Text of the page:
Daily Archives: 14 February 2014

LocalDb – Where the Dbs Live and Some Simple Facts

I always forget where to find the mdf files which are created by localdb (hence this post).
If we take a look at the connection string, it’s not too instructional as to the location:

connectionString="Data Source=(LocalDb)\v11.0;Initial Catalog=ContosoUniversity2;Integrated Security=SSPI;"

In this post, I’ll identify the locations where you are likely to find that elusive localdb database.

Local AppData
Where you haven’t created the database yourself (perhaps you downloaded a project which creates and seeds the database via EF Code First), it can usually be found in this directory:
%AppData%\..\Local\Microsoft\Microsoft SQL Server Local DB\Instances\v11.0. Note the two dots before the string, Local, in that path. Without that, you’ll be dumped into the Roaming directory, which is not the right place.

User Profile
If you don’t find it there, another place it is often found is in the User Profile – %USERPROFILE%. When you create a new database in Sql Server, either through the GUI or by running the following Sql, the default path is in the %USERPROFILE% location:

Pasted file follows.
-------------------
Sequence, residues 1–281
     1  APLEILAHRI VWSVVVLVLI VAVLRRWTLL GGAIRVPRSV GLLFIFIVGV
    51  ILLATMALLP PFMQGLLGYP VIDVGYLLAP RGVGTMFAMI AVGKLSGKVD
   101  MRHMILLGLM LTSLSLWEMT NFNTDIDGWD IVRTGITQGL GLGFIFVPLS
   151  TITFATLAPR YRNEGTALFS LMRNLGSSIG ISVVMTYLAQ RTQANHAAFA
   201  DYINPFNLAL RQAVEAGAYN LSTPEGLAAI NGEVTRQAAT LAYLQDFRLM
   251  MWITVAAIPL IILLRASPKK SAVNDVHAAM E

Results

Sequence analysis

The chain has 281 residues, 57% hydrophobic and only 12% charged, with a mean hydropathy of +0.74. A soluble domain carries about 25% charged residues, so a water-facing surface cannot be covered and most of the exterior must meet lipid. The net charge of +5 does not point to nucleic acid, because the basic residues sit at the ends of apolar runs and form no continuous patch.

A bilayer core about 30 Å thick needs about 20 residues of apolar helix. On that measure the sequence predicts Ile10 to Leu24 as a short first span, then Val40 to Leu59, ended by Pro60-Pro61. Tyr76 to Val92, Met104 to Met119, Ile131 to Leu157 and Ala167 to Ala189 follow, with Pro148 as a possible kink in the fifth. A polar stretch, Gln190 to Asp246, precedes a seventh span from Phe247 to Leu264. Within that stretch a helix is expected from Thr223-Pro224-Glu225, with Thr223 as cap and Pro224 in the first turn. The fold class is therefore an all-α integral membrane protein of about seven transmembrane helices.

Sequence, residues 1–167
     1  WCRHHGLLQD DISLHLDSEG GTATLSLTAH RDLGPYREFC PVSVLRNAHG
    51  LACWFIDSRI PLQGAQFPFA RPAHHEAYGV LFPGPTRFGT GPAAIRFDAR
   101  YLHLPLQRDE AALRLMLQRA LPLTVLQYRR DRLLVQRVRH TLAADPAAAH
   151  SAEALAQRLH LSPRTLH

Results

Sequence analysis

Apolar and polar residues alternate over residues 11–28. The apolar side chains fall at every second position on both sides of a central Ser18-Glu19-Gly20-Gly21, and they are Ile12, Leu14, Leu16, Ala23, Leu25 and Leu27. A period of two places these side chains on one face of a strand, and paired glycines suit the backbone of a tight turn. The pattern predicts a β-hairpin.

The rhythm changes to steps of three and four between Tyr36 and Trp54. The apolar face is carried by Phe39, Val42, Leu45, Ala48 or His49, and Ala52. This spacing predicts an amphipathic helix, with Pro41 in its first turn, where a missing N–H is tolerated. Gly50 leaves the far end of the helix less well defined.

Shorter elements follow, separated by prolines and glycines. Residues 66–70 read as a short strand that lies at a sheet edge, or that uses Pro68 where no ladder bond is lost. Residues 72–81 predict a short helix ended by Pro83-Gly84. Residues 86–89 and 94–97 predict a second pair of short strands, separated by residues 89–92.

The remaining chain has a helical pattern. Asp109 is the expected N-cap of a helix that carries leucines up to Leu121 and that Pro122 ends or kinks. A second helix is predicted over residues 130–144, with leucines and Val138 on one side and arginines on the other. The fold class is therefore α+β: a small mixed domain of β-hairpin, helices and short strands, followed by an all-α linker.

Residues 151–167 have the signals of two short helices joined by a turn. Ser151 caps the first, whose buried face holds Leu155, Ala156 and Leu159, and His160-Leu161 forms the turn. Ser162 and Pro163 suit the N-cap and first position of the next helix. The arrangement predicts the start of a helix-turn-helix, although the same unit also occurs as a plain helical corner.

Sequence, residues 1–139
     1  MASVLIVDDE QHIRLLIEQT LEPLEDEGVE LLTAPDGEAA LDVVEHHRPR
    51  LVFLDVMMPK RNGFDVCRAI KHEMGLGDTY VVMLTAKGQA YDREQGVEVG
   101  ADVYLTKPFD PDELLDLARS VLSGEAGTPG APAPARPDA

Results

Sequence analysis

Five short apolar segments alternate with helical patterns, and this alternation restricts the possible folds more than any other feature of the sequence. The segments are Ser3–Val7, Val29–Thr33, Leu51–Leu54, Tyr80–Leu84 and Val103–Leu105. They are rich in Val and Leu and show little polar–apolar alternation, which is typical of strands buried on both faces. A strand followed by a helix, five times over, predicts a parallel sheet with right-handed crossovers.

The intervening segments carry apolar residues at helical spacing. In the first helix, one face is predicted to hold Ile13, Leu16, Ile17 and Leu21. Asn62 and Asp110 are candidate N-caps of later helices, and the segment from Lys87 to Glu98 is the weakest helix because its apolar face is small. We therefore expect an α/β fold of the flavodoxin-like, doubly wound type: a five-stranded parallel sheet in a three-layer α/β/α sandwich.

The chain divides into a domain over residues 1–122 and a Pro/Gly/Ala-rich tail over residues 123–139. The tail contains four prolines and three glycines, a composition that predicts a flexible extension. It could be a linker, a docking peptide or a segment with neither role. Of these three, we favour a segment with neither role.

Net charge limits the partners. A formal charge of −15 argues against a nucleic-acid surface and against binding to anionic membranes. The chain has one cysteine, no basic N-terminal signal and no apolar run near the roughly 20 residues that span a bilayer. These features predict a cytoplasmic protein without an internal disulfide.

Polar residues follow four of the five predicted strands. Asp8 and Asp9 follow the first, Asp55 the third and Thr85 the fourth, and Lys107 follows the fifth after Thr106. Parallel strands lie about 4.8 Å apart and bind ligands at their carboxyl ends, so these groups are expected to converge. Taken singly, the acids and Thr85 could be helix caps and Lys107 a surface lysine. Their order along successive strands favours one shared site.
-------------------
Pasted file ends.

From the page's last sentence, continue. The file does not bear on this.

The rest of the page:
create database SpiderMonkey

SQL Server Management Studio
Ultimately, you can dictate where the localdb mdf/ldf files for a database are created. Either through the GUI in SQL Server Management Studio, or by running the following into SQL Server Management Studio’s query window:

create database SpiderMonkey on (name='SpiderMonkey', filename='c:\DBs\SpiderMonkey.mdf')

Visual Studio
If you create a localdb database using Visual Studio, the default location is: %USERPROFILE%\AppData\Local\Microsoft\VisualStudio\SSDT
The following 2 pictures outline the workflow of using Visual Studio to create a localdb database. As you can see from the 2nd picture, you can choose where the mdf files are created:


As a final comment, the whole idea of localdb is that we developers should not need to be concerning ourselves with issues about the database. The team who created localdb did so with the intention of abstracting away the database so that we could focus on development. But it is still nice to know where to find these things, even if just to clean up your hard drive!